Western harvester ants, Pogonomyrmex occidentalis, preferentially utilize low vegetational cover pathways. Energetic costs for foraging ants were less than 0.1% of caloric rewards of harvested seeds, suggesting that reduction of energetic cost is not a major benefit of this preference. Walking speed was significantly faster on lower cover routes, increasing net return rates from equidistant artificial food sources. Undisturbed foragers on low cover routes traveled farther, increasing their total foraging area without increasing foraging time. These results suggest that in animals with low costs of locomotion relative to energetic rewards, time costs are more important than direct energetic costs in influencing foraging decisions. In baited experiments with equidistant food sources, preferential use of low cover routes resulted in a large increase in net energetic gain rate, but only a slight increase in energetic efficiency. Under natural conditions, net energetic gain rates were constant for foragers using low and high vegetational cover routes, but foragers using low cover paths had lower efficiencies. This suggests that net energetic gain rate is a more important currency than energetic efficiency for foraging harvester ants.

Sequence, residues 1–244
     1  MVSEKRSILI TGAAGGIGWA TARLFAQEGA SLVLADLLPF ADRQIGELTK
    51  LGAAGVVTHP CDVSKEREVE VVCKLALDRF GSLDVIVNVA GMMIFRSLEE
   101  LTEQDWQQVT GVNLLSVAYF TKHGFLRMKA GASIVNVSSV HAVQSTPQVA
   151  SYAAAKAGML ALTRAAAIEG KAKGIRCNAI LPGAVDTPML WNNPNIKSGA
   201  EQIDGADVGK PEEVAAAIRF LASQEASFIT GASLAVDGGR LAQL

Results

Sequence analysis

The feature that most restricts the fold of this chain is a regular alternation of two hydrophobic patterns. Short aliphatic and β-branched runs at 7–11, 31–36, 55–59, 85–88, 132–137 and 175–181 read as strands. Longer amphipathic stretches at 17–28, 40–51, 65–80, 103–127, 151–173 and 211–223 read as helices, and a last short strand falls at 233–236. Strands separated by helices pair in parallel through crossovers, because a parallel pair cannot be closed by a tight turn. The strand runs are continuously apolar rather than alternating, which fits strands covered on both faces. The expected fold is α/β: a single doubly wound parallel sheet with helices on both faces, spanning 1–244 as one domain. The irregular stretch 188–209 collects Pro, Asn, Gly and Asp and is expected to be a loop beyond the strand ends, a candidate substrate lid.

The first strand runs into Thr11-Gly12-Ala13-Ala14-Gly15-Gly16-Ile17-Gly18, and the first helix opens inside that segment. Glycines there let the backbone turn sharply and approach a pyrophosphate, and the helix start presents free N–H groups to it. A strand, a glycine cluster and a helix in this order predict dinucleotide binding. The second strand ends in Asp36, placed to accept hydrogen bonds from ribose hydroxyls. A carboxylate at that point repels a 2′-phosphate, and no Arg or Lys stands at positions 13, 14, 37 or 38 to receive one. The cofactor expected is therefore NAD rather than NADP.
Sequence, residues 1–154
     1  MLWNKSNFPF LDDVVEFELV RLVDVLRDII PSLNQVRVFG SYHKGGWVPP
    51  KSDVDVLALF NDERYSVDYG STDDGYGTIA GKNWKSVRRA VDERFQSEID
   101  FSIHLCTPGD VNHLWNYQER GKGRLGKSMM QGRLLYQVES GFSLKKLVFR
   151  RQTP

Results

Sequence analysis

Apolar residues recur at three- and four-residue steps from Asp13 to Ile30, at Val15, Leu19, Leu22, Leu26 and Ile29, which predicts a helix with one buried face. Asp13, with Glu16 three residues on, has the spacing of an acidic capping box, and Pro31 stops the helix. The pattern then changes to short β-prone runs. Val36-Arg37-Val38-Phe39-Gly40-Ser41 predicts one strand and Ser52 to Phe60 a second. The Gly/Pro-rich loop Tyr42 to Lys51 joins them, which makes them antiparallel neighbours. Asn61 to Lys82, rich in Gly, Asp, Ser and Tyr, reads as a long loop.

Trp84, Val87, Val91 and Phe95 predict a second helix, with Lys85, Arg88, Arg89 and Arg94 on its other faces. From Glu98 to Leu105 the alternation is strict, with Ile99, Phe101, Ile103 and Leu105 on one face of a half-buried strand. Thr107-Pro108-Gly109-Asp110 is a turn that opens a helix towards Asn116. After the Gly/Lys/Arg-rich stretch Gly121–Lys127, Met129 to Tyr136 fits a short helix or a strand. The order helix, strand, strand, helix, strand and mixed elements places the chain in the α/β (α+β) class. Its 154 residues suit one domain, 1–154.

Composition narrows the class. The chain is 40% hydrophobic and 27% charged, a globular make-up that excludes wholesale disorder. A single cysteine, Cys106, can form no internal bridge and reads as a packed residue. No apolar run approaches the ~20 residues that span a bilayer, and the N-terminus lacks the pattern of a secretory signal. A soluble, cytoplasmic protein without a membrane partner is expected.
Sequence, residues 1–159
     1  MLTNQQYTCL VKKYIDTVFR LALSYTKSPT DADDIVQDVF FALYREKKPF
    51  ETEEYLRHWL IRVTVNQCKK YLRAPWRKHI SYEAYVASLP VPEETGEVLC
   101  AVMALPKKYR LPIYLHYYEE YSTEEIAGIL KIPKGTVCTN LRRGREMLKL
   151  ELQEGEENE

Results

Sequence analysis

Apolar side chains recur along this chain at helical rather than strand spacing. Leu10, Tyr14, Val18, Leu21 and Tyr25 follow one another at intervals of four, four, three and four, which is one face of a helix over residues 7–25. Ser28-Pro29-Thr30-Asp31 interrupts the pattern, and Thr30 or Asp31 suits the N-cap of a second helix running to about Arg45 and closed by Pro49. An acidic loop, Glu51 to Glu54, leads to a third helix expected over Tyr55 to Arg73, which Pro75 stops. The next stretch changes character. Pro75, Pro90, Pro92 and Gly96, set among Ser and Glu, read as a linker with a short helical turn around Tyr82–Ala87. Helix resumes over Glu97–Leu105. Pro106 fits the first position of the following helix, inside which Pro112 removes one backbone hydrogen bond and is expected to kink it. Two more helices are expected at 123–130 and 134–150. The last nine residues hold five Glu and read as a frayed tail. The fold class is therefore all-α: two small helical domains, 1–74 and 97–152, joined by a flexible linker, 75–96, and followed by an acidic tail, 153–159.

ASJC Scopus subject areas
- Ecology, Evolution, Behavior and Systematics
- Animal Science and Zoology